Network Rail and contractor Amco then got on with the permanent repairs. Working around the tides, the plan was to clear the main hole of debris and backfill it with mass concrete against a permanent shutter of a wall of precast concrete vehicle barriers.
By 14 February, these concrete blocks had been delivered, a scaffold was erected for pulling and supporting new cables, and the formation was trimmed and ready for the first concrete pour. Then an even bigger storm blew in.
On the morning of 15 February we had 256m of main sea wall damaged, from whole areas missing to cracking and voiding. We also had 525m of parapet wall gone
“This one was really big. We were in a meeting at our site compound when we heard the sound of the waves hitting the station and decided to take refuge a bit further inland,” says Network Rail senior construction manager Alex Evason.
The temporary breakwater held during that night’s storm, but the containers were distorted and dislodged, and a further 25m of the sea wall was taken out. With it went much of the formation formed over the previous days.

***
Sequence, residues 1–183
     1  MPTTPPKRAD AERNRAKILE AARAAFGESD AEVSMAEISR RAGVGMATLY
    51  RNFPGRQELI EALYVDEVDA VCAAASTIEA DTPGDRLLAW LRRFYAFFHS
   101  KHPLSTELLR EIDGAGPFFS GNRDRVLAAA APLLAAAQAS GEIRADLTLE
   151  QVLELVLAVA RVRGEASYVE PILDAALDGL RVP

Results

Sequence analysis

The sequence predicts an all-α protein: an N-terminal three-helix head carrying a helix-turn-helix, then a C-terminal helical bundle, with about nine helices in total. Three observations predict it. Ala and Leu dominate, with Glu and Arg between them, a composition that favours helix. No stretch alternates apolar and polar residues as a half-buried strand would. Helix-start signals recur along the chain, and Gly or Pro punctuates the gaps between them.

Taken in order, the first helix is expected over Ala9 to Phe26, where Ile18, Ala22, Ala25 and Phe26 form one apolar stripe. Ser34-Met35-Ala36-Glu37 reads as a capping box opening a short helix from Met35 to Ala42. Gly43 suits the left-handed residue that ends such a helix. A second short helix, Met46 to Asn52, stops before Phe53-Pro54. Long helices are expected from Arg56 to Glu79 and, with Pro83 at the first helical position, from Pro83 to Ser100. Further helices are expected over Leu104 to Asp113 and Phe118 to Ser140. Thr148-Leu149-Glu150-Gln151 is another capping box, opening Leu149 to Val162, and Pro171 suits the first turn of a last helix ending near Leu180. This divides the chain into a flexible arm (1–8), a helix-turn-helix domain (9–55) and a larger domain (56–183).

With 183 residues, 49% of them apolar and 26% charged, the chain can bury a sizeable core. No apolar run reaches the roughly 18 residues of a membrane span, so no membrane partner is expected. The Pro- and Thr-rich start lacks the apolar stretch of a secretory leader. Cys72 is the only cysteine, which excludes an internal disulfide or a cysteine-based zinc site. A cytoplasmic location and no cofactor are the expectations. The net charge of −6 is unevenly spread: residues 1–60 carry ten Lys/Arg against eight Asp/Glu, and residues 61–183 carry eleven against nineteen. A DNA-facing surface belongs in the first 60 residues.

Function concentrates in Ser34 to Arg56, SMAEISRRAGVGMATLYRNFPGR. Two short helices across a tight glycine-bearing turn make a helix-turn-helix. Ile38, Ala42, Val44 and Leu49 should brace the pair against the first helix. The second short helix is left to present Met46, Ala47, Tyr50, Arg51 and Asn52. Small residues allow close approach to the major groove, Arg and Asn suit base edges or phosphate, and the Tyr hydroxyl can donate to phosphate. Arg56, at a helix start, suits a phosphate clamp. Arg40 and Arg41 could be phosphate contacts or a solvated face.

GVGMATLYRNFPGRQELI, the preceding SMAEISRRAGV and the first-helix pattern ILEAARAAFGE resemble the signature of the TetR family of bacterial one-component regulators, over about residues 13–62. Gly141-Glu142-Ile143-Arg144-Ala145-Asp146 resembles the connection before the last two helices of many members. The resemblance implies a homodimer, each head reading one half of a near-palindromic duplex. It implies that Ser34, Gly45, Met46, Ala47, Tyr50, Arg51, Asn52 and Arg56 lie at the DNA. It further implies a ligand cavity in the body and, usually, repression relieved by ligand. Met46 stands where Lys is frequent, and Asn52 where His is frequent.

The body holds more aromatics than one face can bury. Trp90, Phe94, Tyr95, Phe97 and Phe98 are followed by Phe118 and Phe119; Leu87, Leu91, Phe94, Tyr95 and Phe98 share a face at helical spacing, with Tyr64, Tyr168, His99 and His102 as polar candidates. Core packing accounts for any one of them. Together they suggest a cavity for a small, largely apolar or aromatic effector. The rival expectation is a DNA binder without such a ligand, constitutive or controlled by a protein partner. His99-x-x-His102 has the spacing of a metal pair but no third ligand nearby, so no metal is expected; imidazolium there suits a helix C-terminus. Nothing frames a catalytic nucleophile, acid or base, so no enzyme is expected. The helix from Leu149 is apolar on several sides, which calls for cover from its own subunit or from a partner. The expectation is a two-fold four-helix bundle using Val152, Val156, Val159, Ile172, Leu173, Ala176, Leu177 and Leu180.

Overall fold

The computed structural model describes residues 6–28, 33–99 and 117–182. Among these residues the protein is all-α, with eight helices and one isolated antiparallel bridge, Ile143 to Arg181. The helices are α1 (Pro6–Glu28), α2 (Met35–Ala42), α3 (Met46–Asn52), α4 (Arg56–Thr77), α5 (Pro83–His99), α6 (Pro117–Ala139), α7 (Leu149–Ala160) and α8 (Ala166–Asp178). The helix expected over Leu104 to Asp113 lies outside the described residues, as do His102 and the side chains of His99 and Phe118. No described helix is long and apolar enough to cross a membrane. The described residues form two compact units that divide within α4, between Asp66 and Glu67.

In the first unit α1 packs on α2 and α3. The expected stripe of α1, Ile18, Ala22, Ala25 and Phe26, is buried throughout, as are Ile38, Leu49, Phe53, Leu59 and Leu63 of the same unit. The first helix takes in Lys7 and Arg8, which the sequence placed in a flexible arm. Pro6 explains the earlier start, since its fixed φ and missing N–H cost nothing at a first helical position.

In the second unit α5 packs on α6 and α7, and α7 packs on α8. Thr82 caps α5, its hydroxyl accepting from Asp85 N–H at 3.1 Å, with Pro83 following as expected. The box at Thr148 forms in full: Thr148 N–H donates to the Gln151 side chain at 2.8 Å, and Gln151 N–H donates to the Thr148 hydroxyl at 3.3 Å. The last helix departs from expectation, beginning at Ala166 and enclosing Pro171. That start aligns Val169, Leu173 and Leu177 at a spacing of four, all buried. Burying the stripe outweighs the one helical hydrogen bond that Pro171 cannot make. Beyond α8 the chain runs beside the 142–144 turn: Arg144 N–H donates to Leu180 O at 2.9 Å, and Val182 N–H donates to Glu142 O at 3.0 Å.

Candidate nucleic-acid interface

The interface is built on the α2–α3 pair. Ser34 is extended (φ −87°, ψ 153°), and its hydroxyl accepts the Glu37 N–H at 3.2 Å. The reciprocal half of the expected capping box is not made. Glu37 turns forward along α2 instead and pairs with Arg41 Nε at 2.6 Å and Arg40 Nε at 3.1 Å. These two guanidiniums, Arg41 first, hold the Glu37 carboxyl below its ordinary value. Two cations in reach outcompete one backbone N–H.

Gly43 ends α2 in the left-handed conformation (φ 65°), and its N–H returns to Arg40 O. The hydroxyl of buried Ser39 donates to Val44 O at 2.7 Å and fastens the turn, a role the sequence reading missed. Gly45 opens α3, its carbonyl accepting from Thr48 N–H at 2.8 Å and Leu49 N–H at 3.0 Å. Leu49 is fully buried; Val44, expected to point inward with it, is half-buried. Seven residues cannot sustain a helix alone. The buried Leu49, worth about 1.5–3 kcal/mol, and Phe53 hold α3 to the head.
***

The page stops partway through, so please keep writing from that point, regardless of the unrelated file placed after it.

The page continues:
Furthermore, the damage to the sea wall and its parapets was now not just limited to the section north of Dawlish station, but ran all the way from Dawlish Warren south to Teignmouth, 6km further south.
“The main breach at Dawlish is obviously by far the most dramatic damage and so has grabbed all of the headlines. But there is more to what we’re now up against here than just the Dawlish site,” says Network Rail project manager Tom Kirkham.
“On the morning of 15 February we had 256m of main sea wall damaged, from whole areas missing to cracking and voiding. We also had 525m of parapet wall gone,” he adds.
“While they may just look cosmetic to some, these walls are critical because, if they go, the ballast gets washed out, so they are absolutely critical to the first trains coming through.”
All of the defects have been classified to a red, amber, green system according to how critical they are for getting the railway open again. Parapets are a red item. Whereas small local failures are usually repaired with granite, contractors are now reinstating the walls with insitu concrete tied into the foundations with drilled and grouted steel dowel bars.
Plymouth-based manufacturer Pipex is providing shuttering to create a stone wall finish.
Another cause for concern is the access ramps down to the beach, which Kirkham says are “just as important” as other structures on the railway.
“This is the only way we can get down to the beach to repair the main walls,” he explains. “The ramp at Teignmouth has to be repaired before we can get access to carry out repairs at Smugglers Lane.”